“Participants noted that, given the cash rate remains at a low level, there has been much less pass-through to deposit interest rates than to lending interest rates so far. It was agreed to continue to monitor pass-through closely,” the Council said in a statement on Thursday.
Former prime minister Scott Morrison during last month’s election campaign urged banks to raise deposit rates, but generally, there is less public scrutiny of deposit rates than mortgage rates.
Importantly, banks have increased term deposit rates more sharply, which should help savers such as retirees. Even so, the lack of movement in at-call savings accounts is a sign of the large deposit balances banks are holding, which means there is less pressure to compete for funds.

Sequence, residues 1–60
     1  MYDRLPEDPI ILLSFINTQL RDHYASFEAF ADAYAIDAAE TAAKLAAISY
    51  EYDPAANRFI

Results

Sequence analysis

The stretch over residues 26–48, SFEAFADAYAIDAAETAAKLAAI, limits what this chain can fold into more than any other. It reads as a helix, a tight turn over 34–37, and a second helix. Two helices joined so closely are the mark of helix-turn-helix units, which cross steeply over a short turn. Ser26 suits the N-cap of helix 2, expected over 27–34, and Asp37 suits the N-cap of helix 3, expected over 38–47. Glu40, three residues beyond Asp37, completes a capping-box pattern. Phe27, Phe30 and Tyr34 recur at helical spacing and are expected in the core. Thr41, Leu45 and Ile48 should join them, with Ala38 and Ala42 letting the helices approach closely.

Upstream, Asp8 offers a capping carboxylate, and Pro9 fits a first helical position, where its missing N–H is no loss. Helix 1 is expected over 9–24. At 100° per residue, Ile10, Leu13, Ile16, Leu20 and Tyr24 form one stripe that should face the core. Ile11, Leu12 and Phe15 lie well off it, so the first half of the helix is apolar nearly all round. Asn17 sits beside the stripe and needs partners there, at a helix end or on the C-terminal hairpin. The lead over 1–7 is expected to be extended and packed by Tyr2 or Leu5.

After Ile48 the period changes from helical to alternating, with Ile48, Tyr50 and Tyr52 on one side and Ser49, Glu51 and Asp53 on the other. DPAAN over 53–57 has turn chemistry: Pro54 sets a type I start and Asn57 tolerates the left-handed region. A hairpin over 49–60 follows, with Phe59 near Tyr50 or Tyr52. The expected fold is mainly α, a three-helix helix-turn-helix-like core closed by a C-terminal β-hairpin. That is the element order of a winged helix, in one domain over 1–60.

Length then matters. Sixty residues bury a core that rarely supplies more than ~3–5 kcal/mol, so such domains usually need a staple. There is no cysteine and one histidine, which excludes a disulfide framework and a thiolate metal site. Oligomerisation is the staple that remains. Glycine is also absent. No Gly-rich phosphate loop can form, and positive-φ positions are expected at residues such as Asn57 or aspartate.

Steve Mickenbecker, group executive for financial services at Canstar, said increases in deposit rates had been “patchy,” with some banks moving bonus rates or introductory rates rather than the base rates that all customers receive.
“They are not having to work very hard on the deposit front at the moment because they amassed these huge deposits back during COVID,” Mickenbecker said.
Even so, Mickenbecker said that in previous cycles of interest rate rises, deposit interest rates had ultimately lifted more steeply than rates on loans. He expected banks would need to compete more aggressively to attract deposits in six to 12 months, as wholesale funding costs increased.
“There’s still reasonable hope that eventually, savings increases will start to outstrip home loans,” Mickenbecker said.
The council also said regulators were thinking about how rising interest rates could affect households facing higher mortgage repayments and lower borrowing capacity. It said the housing market appeared to have weakened in major cities, and mortgage lending was starting to slow.
“The council will be closely monitoring the effects of rising interest rates on the household sector,” it said.
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